The Virginia Agricultural Leaders Obtaining Results program recently announced the 14 new fellows who will spend the next two years building their leadership skills. 

Based in the College of Agriculture and Life Sciences at Virginia Tech, VALOR is a two-year program for agricultural leaders who want to develop their communication, problem solving, and critical thinking skills in addition to broadening their knowledge of global and local agriculture in the pursuit of becoming an advocate for agriculture and a leader in the industry. 

The group recently met in Blacksburg for the first of 12 seminars over the next two years. Future meetings will be held in locations across Virginia, as well as Washington, D.C, and other cities in the across the United States and abroad. 

The VALOR program develops leaders who can effectively engage all segments of the Virginia agricultural community to create collaborative solutions and promote agriculture inside and outside of the industry. 

In past program cycles, VALOR fellows have traveled the commonwealth from rural regions of Appalachia to urban hubs in Northern Virginia, as well as the nation’s capital in order to network with producers, policymakers, distributors, and other stakeholders within the agricultural industry. 

The inaugural class of fellows also traveled to Argentina for a two-week survey of the country’s agricultural industry and got a first-hand look at industry sectors including agricultural manufacturing, processing, research and development, crop production, livestock breeding and genetics, economics, governmental regulation, and education.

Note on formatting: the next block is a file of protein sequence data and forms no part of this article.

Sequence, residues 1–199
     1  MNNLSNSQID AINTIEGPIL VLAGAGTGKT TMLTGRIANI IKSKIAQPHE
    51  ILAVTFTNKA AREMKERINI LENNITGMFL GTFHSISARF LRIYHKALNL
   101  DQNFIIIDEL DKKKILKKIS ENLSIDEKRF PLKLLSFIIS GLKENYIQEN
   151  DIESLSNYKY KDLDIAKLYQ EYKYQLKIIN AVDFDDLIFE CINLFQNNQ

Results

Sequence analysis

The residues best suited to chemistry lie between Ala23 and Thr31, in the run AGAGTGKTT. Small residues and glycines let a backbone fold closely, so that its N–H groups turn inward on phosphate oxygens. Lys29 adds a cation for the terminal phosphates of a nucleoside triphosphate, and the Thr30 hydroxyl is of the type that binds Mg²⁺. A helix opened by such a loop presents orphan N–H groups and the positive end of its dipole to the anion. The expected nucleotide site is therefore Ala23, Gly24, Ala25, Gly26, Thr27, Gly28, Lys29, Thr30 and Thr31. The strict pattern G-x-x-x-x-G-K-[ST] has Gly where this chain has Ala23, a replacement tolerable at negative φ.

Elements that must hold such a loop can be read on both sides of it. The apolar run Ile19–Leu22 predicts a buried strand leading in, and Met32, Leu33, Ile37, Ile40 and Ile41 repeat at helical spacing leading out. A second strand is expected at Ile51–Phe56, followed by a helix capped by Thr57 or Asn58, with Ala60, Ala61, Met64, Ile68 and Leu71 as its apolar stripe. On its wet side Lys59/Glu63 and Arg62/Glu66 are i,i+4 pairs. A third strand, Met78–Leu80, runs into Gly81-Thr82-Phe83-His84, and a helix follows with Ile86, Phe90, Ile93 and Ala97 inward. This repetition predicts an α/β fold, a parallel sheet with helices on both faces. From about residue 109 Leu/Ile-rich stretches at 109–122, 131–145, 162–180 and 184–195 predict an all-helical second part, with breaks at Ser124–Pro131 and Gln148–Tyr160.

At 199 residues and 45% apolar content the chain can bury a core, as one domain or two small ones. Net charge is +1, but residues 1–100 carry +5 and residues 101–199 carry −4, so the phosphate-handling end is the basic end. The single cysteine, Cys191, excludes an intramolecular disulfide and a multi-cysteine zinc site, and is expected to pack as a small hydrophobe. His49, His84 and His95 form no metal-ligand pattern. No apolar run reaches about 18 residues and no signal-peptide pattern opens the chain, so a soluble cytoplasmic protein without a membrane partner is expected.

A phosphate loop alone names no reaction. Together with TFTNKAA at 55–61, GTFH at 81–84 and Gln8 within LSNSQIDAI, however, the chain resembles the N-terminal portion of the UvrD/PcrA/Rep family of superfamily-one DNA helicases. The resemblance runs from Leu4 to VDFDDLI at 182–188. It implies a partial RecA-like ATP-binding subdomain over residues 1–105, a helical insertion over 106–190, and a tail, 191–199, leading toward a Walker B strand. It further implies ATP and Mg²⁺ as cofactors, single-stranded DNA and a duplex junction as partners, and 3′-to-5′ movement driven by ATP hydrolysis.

“This is an extraordinary group of people,” said Megan Seibel, VALOR’s director. “The skills they learn over the next two years will not only benefit them, but the agricultural industry as a whole.” 

The new group of fellows highlights the diversity of the agricultural industry itself. 

  • Marilyn Adams of Purcellville, Virginia, branch manager with Farm Credit of the Virginias. Adams received a bachelor of science in agricultural and applied economics from Virginia Tech in 1991 and a master of science from the same department in 1992. 
  • Lauren Arbogast of Harrisonburg Virginia, Virginia Cooperative Extension program coordinator of community viability.
  • Melvin Atkinson of Windsor, Virginia, director of the Airfield 4-H Center.
  • Shelley Barlow of Suffolk, Virginia, vice president of Cotton Plains Farm.
  •  Kevin Beamer of Hillsville, Virginia, chief executive officer of Virginia Produce Company and a member of the Virginia Cattleman’s Association. 
  • Timothy Durham of Callaway, Virginia, assistant professor of agronomy and an agricultural science program coordinator at Ferrum College.
  • M. James Faison of Richmond, Virginia, president of Milton’s Local Harvest.
  • Basil Gooden of Henrico, Virginia, director of Virginia Rural Development with USDA.
  • Jennifer Leech of Lexington, Virginia, dairy farmer with Ingleside Dairy Farm.
  • Albert Reid of Petersburg, Virginia, 4-H specialist and aquaculture agent at Virginia State University.
  • Adam Shiflett of Harrisonburg, Virginia, lending team leader with Farm Credit of the Virginias.
  • Josh Stephens of Quicksburg, Virginia, general manager with Southern States Cooperative.
  • Joe Wilkerson of South Boston, Virginia, owner of Southside Nursery and Landscape.
  • Cliff Williamson of Culpeper Virginia, an animal export consultant with TK Exports.



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